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Perceived job insecurity as a risk factor for incident coronary heart disease: systematic review and meta-analysis

BMJ 2013; 347 doi: https://doi.org/10.1136/bmj.f4746 (Published 08 August 2013) Cite this as: BMJ 2013;347:f4746

Re: Perceived job insecurity as a risk factor for incident coronary heart disease: systematic review and meta-analysis

The meta-analysis by Virtanen et al1 provides the highest level evidence of a modest link between job insecurity and the risk of ischaemic heart disease (IHD). Unemployment is well known to be associated with higher morbidity and mortality, but relatively few studies have examined measures of health in employees who are at risk of unemployment2, notable ones having been reviewed in the meta-analysis.

At an earlier time of off-shoring of jobs from Britain in the 1980s a small study of factory workers threatened with and subsequently made redundant (129 subjects and 99 controls) showed a significant increase in general practitioner consultations, episodes of illness and referrals to hospital outpatient departments3. The changes occurred two years before actual job-loss, i.e. the point at which workers learned that their job was in jeopardy.

The search strategy for the meta-analysis1 included studies on the basis of incident IHD. An earlier cohort study among Swedish shipyard workers did not meet the inclusion criteria for the meta-analysis because there were no recorded cases of incident IHD. Like studies included in the meta-analysis this study demonstrated that serum cholesterol concentration was elevated among men who were threatened with redundancy4. Serum cholesterol concentrations increased more (mean 0.25 (SD 0.68) mmol/l v 0.08 (0.66) mmol/l) in the shipyard workers than in the controls. A positive correlation was found between change in cholesterol concentration and change in blood pressure, indicating that the overall risk profile had worsened among men with increased serum cholesterol concentrations4.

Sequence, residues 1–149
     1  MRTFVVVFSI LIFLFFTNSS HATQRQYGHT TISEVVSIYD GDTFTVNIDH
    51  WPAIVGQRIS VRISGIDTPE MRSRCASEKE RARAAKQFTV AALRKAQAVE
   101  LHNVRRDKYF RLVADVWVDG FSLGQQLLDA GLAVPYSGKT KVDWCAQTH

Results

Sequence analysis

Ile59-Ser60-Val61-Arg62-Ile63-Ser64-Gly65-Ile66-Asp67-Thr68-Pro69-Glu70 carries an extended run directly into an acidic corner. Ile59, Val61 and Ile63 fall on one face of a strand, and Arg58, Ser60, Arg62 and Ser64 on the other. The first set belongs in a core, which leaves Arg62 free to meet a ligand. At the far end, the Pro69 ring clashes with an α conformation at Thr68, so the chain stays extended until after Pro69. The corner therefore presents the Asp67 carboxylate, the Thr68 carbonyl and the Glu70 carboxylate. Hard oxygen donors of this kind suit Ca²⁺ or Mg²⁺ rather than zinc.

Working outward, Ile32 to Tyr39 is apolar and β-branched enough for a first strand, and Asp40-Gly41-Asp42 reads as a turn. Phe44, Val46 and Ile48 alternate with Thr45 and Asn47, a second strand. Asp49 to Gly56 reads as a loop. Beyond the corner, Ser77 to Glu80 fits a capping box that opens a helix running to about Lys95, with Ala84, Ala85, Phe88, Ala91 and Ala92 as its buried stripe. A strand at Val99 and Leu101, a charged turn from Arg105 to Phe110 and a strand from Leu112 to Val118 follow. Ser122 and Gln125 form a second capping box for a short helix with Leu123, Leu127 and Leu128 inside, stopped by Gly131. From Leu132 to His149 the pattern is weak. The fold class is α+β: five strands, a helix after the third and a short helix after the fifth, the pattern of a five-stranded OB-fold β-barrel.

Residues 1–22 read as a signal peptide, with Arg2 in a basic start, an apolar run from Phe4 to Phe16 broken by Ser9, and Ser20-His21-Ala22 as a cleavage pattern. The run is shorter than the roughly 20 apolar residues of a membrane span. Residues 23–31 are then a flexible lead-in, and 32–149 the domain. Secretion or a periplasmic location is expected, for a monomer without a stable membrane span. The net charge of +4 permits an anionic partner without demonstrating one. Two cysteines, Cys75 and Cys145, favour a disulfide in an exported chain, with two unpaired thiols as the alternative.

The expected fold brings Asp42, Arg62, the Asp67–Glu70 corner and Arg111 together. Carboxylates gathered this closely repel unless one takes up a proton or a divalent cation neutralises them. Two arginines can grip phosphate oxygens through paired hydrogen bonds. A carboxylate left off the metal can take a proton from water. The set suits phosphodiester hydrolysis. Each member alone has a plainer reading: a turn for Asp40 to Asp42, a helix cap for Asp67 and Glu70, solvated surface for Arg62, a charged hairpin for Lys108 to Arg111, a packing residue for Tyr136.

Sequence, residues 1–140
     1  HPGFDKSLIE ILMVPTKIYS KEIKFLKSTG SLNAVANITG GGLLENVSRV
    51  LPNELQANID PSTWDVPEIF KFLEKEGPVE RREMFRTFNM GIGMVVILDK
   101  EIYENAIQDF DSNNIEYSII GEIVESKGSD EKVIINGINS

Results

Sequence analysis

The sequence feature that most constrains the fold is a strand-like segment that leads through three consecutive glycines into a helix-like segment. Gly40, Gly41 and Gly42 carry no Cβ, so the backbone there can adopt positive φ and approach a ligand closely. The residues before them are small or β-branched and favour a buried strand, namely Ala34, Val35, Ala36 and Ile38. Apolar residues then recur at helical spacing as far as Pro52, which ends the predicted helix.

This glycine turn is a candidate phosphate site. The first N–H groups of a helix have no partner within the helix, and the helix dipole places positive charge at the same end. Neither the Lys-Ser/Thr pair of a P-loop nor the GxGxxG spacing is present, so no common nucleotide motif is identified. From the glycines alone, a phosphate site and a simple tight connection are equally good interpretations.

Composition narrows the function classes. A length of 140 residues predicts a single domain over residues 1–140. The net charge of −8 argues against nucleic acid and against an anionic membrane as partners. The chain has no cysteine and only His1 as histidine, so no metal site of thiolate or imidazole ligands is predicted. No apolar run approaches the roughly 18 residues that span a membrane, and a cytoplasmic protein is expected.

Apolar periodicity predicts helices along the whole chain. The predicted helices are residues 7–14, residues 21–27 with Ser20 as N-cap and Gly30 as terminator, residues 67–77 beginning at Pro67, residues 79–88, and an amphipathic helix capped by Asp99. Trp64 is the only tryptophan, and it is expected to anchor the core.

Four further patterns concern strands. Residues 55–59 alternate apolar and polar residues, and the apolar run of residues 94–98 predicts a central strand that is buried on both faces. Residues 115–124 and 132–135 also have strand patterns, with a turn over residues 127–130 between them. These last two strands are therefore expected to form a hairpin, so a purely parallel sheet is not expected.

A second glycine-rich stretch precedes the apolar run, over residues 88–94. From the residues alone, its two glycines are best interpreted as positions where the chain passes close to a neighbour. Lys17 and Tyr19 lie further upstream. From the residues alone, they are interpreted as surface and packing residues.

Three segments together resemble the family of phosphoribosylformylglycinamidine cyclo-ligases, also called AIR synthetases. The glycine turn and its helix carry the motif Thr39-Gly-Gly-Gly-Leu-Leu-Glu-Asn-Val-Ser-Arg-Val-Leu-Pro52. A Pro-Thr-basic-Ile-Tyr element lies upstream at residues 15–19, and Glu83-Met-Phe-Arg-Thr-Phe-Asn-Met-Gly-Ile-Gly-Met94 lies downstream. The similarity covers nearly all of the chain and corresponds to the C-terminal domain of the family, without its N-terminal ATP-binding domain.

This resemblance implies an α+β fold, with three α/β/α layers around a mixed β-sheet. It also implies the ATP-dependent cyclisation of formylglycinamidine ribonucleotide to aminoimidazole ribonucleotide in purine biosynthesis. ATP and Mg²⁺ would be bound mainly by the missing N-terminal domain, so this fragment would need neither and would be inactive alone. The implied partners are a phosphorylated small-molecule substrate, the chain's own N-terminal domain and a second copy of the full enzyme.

The meta-analysis would in any case be important, but is more so now because we are living in “VUCA times”, that is to say the world is: Volatile, Uncertain, Complex and Ambiguous. While the acronym VUCA was first used by the US military after 9/11 it is now used commonly in the business world. Job insecurity is likely to be around for many years to come associated with a slow and uneven recovery from recession; and thereafter will happen at least cyclically as it has for many decades. Health professionals and governments need to be aware of the health consequences of job uncertainty in order to take effective steps to mitigate the risks and provide adequate resources.

1 Virtanen M, Nyberg ST, Batty GD, Jokela M, Heikkilä K, Fransson EI, et al. Perceived job insecurity as a risk factor for incident coronary heart disease: systematic review and meta-analysis. BMJ 2013;347:f4746.

2 Nicholson PJ. Unemployment is an occupational hazard. Occup Med, 1994; 44: 7-8.

3 Beale N & Nethercott S. Job-loss and health – the influence of age and previous morbidity. J R Coll Gen Pract, 1986; 36: 261-4.

4 Mattiasson I, Lindgärde F, Nilsson JA & Theorell T. Threat of unemployment and cardiovascular risk factors: longitudinal study of quality of sleep and serum cholesterol concentrations in men threatened with redundancy. BMJ, 1990; 301: 461–466.

Competing interests: No competing interests

12 August 2013
Paul J Nicholson OBE
Occupational physician
Chair, BMA Occupational Medicine Committee
BMA House, Tavistock Square, London WC1H 9JP